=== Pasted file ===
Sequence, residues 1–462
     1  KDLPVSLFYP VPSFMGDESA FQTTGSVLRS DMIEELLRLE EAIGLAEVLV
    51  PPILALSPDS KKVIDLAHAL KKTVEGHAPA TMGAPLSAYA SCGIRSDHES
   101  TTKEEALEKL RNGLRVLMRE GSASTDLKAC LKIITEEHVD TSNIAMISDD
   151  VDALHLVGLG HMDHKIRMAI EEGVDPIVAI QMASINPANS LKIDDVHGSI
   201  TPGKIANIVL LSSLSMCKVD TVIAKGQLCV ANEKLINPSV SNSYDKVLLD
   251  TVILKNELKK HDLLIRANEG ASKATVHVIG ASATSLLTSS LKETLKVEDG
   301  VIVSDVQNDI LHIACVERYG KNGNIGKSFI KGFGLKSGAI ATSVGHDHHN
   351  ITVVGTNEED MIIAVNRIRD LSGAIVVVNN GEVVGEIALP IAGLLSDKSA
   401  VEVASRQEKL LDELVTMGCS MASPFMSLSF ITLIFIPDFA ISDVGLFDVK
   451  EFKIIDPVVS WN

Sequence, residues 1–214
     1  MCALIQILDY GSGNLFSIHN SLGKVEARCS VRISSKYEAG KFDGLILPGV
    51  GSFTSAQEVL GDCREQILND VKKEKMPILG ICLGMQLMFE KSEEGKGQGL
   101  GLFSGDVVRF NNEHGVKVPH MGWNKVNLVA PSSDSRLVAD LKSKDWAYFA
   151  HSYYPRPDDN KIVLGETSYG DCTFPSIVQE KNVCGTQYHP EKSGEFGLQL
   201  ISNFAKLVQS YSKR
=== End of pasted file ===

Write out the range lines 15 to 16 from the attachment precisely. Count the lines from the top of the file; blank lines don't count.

   101  GLFSGDVVRF NNEHGVKVPH MGWNKVNLVA PSSDSRLVAD LKSKDWAYFA
   151  HSYYPRPDDN KIVLGETSYG DCTFPSIVQE KNVCGTQYHP EKSGEFGLQL